House Minority Leader Kathleen Dillingham, R-Oxford, was one of several legislative leaders who observed the Thursday-into-Friday budget meeting in person. She said a unanimous budget bill is hard to achieve, even when the budget is a supplement to a two-year spending plan.

“I’m pleased it’s a unanimous report,” said Rep. Patrick Corey, R-Windham, who sat on the committee. “When 13 people can sit at a table and compromise and get to that kind of report, that’s definitely good for everyone under the dome and it’s certainly good for our constituents.”



The committee’s supplemental budget was about more than just direct checks, of course.

“We wanted to be sure the big issues facing Mainers right now, including PFAS and the need for housing and behavioral health care are addressed immediately,” Pierce said. “This funding will be deployed for property tax relief and protecting Maine children as well as student debt relief.”

The committee budget bill also increases the earned income tax credit to help 100,000 Maine families amid rising costs, permanently expands the property tax fairness credit for eligible working families and older Mainers, and continues to fund public K-12 education at 55 percent and free student meals.

It keeps almost all of Mills’ budget cornerstones, including a proposal to fund two years of community college for students graduating high school from 2020-23 and freezing in-state tuition for all four-year students in the University of Maine system.

But not everything is as Mills had wanted. The committee bill would keep Maine’s budget stabilization fund, the so-called rainy day fund, at about $492 million, which is the highest on record but still less than what Mills had proposed.

The moment the check proposal was added to the budget bill even offered a bit of late-night comic relief.


“And this is for sure one-time?” Breen asked the committee, referring to the $729 million expenditure. Committee members wanted assurance that the taxpayer refunds would not be a recurring expense that would have to be paid out in future budgets.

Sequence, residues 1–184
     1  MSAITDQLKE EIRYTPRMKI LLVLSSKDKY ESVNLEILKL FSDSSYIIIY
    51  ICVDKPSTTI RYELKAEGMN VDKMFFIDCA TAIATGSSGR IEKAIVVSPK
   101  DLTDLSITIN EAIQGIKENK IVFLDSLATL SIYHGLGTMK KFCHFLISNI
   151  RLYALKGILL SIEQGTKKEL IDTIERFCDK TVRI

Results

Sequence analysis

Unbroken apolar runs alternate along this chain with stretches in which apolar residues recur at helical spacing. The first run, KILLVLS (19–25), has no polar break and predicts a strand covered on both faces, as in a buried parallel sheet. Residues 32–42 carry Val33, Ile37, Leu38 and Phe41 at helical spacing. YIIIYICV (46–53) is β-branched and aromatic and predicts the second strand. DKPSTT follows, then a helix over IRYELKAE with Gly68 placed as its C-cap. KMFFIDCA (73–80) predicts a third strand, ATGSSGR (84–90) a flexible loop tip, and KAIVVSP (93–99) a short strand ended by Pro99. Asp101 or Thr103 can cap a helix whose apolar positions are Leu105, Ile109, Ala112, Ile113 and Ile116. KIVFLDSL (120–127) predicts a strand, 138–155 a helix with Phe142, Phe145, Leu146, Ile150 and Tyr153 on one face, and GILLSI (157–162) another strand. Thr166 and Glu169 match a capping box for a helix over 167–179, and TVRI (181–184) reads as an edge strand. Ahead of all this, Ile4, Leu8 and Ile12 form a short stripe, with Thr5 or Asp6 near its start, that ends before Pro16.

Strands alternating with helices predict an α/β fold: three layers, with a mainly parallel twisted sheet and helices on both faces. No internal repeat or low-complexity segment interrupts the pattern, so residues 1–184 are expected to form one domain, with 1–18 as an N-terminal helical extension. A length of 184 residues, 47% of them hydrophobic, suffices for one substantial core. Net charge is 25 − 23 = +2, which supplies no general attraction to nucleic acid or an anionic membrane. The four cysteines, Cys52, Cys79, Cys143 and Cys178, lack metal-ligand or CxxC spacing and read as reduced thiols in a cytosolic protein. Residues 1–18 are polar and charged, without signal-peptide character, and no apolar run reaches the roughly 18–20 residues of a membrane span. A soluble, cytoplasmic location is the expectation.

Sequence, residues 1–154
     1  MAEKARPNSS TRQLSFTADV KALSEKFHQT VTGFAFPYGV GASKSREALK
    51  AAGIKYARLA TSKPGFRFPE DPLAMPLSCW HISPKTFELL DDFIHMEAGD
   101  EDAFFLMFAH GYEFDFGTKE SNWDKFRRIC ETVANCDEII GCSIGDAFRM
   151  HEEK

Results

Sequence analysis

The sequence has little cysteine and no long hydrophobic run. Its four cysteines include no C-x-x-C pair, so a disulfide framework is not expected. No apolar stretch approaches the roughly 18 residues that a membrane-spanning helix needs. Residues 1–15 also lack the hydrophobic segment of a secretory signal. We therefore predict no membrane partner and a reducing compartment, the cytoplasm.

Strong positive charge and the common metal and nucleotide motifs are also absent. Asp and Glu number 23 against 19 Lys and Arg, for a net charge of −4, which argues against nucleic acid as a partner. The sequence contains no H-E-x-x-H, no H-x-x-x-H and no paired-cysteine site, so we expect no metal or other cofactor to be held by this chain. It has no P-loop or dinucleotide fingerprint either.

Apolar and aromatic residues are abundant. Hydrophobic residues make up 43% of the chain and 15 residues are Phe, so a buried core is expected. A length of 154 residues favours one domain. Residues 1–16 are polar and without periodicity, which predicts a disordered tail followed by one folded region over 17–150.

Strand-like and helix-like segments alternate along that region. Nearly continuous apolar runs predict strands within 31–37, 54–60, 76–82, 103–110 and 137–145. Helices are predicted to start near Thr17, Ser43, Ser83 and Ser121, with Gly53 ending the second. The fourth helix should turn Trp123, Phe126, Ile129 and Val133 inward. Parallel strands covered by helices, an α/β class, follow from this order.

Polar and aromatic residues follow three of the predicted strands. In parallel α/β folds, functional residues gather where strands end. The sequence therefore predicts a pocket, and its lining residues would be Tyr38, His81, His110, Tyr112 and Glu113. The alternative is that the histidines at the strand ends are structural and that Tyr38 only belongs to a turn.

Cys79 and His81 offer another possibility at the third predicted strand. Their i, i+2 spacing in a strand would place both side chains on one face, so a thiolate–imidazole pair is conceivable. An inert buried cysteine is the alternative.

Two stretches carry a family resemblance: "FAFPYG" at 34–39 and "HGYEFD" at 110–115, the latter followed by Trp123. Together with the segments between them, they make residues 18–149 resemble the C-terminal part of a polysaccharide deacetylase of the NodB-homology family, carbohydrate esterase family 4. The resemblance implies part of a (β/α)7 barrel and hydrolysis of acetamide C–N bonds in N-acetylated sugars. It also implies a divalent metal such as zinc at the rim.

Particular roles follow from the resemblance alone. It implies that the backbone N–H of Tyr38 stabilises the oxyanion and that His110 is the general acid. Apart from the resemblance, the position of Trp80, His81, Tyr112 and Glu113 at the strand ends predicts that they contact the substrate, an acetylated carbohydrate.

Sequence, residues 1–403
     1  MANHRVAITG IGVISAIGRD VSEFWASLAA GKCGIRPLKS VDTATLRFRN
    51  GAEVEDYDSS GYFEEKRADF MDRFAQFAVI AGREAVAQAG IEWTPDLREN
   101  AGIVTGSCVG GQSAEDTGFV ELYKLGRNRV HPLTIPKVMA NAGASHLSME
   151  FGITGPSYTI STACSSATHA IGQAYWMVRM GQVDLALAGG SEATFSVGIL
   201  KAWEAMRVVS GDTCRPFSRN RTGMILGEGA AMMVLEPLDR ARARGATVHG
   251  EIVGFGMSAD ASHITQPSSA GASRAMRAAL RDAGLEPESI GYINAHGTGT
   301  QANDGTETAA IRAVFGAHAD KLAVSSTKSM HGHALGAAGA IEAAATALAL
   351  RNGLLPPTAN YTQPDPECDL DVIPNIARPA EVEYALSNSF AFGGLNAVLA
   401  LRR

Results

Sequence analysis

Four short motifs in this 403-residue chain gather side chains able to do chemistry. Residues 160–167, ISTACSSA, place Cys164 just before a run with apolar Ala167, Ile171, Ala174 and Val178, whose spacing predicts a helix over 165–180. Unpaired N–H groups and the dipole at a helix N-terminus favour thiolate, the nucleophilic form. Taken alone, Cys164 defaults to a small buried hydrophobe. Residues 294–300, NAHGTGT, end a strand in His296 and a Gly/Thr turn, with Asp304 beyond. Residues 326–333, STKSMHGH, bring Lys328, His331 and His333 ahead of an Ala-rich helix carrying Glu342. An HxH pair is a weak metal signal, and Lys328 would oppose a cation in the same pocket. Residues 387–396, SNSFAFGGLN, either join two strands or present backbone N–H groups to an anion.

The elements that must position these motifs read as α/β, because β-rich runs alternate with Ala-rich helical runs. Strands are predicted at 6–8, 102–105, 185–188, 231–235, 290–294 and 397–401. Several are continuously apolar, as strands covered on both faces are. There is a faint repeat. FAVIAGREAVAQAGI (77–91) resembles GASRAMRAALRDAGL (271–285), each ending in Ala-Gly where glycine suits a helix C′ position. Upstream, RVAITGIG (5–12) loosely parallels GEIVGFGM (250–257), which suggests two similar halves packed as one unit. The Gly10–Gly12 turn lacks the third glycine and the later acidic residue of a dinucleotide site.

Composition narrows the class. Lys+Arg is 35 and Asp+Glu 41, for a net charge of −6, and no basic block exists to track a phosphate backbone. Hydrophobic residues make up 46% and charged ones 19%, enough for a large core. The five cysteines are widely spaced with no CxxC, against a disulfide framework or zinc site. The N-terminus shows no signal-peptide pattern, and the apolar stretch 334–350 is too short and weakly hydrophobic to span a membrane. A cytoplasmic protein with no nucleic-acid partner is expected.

Amidst the laughter, Millett replied: “Oh yes! Oh yes!”

The direct checks have been the most high-profile element of the supplemental budget plan.

Mills has increased the amount of the check from $500 to $750 to $850 as the estimated budget surplus has gone up and inflationary pressures have mounted. Republicans have at times sought to return up to 75 percent of the surplus to Mainers and at other times pushed for sweeping tax cuts instead.

Dillingham said she was really happy the committee agreed to raise the income threshold for the direct checks and still receive unanimous committee support. With inflation hitting everyone hard, a family of five earning between $150,000 to $200,000 a year does not feel rich, she said.

“Caps are always hard,” Dillingham said. “Everyone’s situation is so different. Who am I to judge whose pain is most worthy? We want to help the people who really need it, but we want to help as many people as we can, too. At the end of the day, with this budget, everyone is going to see some help.”


The progressive wing of the Maine Democratic Party has been calling for income caps on inflation relief payments to go down, not up. Groups like the Maine Center for Economic Policy want to use more of the surplus to repair the social safety net that fell apart under former Gov. Paul LePage.

“A fair state budget is vital to lifting up Maine people and communities,” MECEP President Garrett Martin said in a written statement. “By supporting our neighbors struggling the most and making important investments in our communities, all Maine people are lifted by these policies.”